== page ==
I was born in Springfield, Ohio, and lived there until my sister was born in January 2000, when we moved to Reynoldsburg, Ohio. My school district wasn't the best to its students, but even the most difficult obstacles can be overcome with a little determination. At the start of my freshman year of high school, I wanted to become a musician. I played French horn in concert orchestra, and mellophone in marching band, as well as sang bass in choir. As I progressed through high school, I developed an attraction to high-level math and science, such as calculus and physics. In my junior year, I decided I wanted to major in engineering with a minor in education, so that I could teach what I was passionate about and have a great time doing it. My senior year, I applied to universities who offered trustworthy engineering programs. Alongside my senior year, my school district went through a teacher strike. Despite the struggles that came with the strike, I supported not only my teachers, but my fellow classmates. I offered a tutoring "class" after school for anyone who wanted to keep up on their math, no matter the level of difficulty. As my senior year came to a close, I finished my capstone project: I took a spare room in the building and converted it into a student -lead library. I set up a rudimentary check-out system, and ran book drives to get enough books to the shelves.

Upon graduating high school, I jumped headfirst into the biomedical engineering pre-major program at The Ohio State University. After my first semester at OSU, I realized that engineering wasn't what I had originally thought it would be, so I decided to take the next semester off to think about what I wanted to do from there. I worked that spring and over the summer, and when I found out about City Year, I didn’t hesitate to apply. No student deserves to be split from their peers on an educational level, and it is my goal to bridge those gaps.

From my partner teacher, I’ve learned to pick my battles carefully. When multiple students are acting up, you may need to choose which to address first. I have learned that my efforts are better spent addressing the students who I know will not drag me into an argument, worsening the problem. In the last few months of service, I am looking forward to seeing my fifth graders' graduation from elementary school. I am extremely proud of how far they've come, and I'm eager to see them off. I’m also looking forward to the City Year end-of-the-year retreat, and to seeing my family when they drive up to New Hampshire for my own City Year graduation and to bring me back home to Ohio.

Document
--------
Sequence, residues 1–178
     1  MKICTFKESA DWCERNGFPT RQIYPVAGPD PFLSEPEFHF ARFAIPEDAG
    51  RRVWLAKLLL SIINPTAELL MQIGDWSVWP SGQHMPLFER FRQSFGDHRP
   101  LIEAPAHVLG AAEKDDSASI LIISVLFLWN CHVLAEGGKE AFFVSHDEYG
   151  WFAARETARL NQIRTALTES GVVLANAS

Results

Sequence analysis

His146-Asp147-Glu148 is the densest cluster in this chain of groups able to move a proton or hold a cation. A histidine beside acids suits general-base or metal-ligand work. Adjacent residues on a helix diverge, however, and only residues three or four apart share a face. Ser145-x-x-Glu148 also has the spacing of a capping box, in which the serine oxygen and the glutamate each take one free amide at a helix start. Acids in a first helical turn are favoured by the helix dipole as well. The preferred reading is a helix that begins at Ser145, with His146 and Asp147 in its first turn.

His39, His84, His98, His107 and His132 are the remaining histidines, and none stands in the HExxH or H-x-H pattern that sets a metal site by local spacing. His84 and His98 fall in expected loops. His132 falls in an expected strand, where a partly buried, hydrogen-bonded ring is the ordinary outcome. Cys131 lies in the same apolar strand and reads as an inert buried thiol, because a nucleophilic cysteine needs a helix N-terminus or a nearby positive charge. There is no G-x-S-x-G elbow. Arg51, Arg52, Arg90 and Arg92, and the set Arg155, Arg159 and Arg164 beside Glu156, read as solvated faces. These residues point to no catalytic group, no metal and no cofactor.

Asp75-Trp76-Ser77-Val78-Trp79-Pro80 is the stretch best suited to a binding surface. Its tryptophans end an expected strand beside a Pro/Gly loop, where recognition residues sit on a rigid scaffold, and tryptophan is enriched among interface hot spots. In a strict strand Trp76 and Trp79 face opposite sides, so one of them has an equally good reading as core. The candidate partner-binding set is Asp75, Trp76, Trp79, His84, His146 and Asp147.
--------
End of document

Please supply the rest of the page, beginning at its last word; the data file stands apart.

The City Year team had a busy month – here are some highlights:

  • Our Intergalactic Math Night on March 29th was a huge success! With nearly 100 students in attendance, the gym and cafeteria buzzed with excitement as students practiced identifying place values with space junk, making aliens out of math facts, and managing money while flying to the moon. With great take-aways they could use at home, it was wonderful to see so many parents, guardians, and older siblings participating throughout the night. A huge thank-you to the school for providing decks of flash cards students took home, and for overall help and support.

  • The Beech Street Team quickly transitioned from Math Night to planning April 25th’s site-wide Community Meeting. With the theme of, “Renewal,” it has given the team the chance to reflect upon their own service and how they continually find their own ways to process the difficult situations and move forward with renewed energy, commitment, and passion for their work.

  • To continue supporting the school’s attendance efforts, our two amazingly artistic corps members, Sarah Wheeler and Uthman Olowa, created City Year attendance-themed coloring pages. With different sheets depicting corps members and Beech Street administration, the contest is on to choose our most creative submissions from each grade and display in the cafeteria. With positive messages to be on time and help encourage your friends to come to school, the team will use these to keep promoting a positive attendance messaging throughout the school.

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The school is transformed for Intergalactic Math Night at Beech!

The Beech Street Team would like to appreciate Vice Principal Kelly Espinola. She has been a support for our team, checking in on individual’s well- being and encouraging open communication. Most of all, the team appreciates her approach with students, and being the “good calm during the storm.”